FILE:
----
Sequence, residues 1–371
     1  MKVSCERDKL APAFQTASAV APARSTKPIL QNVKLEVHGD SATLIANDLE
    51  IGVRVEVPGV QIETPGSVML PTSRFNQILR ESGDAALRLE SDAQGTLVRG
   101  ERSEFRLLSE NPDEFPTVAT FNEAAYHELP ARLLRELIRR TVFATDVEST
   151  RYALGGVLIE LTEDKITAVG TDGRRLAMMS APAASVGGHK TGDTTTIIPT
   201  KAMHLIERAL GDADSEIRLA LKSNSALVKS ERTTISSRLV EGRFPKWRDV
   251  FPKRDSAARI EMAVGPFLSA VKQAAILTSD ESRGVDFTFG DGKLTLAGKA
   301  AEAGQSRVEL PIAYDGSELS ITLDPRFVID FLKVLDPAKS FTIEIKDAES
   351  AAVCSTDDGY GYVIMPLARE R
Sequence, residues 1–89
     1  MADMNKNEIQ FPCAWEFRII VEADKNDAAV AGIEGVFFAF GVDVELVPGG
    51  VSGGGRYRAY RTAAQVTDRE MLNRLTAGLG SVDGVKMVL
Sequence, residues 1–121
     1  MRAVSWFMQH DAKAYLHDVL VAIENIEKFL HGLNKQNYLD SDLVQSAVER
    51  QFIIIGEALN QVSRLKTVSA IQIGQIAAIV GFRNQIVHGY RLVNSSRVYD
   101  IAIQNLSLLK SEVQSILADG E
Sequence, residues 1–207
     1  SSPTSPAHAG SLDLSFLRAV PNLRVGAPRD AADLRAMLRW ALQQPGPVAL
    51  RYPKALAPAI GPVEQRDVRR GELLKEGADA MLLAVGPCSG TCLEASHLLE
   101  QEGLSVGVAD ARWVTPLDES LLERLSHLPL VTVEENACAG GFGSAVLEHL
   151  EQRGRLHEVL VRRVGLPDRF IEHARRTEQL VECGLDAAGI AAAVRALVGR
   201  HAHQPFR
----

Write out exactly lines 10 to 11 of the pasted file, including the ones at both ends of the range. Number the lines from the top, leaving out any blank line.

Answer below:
Sequence, residues 1–89
     1  MADMNKNEIQ FPCAWEFRII VEADKNDAAV AGIEGVFFAF GVDVELVPGG